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Local officials blast SFWMD over state of Caloosahatchee River

By Staff | Jun 24, 2011

DREW WINCHESTER Commissioner Frank Mann, right, voices his concern about water quality and drought conditions along the banks of the Caloosahatchee River Thursday. Kurt Fordham, CEO of the Everglades Foundation, listens as Mann delivers his message.

Environmental groups and local elected officials blasted the South Florida Water Management District Thursday, claiming the district’s preference of “big sugar” over Southwest Florida has upset the natural balance of the Caloosahatchee River and put millions of tourist dollars at risk.
SFWMD has mismanaged the region’s water, according to Kurt Fordham, CEO of the Everglades Foundation, as it releases too much water during the rainy season and not enough when it’s dry.
This has led, in part, to recent record drought conditions, Fordham said.
“These are all man-made problems that have to do with poor water management,” he said added.
SFWMD representatives could not immediately be reached for comment Thursday.
Lee County Commissioner Frank Mann said he can see the poor state of the Caloosahatchee River from his back door, living on the river in Alva.
Thousands of dead clams litter the waters behind his home, he said.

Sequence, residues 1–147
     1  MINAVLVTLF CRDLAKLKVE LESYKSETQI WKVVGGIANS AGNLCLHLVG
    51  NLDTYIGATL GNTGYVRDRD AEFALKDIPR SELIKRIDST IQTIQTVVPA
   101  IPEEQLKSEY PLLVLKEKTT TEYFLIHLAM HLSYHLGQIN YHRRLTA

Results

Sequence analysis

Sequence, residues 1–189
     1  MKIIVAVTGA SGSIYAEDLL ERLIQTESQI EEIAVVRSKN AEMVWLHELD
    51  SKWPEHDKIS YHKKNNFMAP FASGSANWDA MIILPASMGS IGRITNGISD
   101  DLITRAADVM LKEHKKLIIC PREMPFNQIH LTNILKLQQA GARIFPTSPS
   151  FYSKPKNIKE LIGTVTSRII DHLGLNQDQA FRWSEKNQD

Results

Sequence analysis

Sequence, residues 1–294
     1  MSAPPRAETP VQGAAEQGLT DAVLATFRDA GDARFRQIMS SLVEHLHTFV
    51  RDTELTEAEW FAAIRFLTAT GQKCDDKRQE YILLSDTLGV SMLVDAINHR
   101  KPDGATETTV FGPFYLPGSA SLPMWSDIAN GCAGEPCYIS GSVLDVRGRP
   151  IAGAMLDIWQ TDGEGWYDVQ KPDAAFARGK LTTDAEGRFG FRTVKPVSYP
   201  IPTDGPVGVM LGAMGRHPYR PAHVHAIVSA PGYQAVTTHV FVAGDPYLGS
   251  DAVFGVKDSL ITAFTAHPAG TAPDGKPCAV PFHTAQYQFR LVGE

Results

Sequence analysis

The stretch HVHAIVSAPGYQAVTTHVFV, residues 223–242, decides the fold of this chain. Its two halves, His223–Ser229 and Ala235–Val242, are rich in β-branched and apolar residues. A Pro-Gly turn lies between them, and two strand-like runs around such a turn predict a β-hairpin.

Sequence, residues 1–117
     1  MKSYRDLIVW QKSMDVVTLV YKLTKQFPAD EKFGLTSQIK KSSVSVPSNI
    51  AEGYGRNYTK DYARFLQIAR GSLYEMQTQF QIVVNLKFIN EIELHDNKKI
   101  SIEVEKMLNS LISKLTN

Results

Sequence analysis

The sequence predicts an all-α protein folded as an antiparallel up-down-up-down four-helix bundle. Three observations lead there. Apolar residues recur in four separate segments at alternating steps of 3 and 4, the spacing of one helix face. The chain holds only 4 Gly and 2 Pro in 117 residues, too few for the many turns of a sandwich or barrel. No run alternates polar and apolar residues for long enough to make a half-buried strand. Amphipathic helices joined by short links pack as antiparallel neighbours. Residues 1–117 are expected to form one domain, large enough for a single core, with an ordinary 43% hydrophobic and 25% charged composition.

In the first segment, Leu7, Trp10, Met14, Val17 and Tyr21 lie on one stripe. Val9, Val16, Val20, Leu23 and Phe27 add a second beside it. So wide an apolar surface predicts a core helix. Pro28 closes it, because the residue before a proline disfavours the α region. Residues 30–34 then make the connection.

Fresh water is being pumped out of Lake Okeechobee in the east, down the St. Lucie River and south toward the large agricultural tracts of land that lie on the Everglades northern edge.
Those releases to the south are serving only the needs of sugar producers, he said, while Lee County suffers.
“We need the fresh water releases and we need them now,” Mann demanded.
Lee Visitor and Convention Bureau Director Tamara Pigott said there were 50,000 “critical” jobs in Lee County that surround the tourism industry in some way.
Pigott added that $2.5 billion in tourist dollars were pumped into the local economy last year. And as the region’s lifeblood, Southwest Florida would suffer if the water quality were damaged beyond repair.
“We offer an experience like nowhere else in Florida,” Pigott said.
Fordham said the next step is to meet with SFWMD board members to try and raise awareness for the region.
Mann pleaded with the water management district to have fresh water pumped down the Caloosahatchee.
“This river is sick and it’s dying,” he added.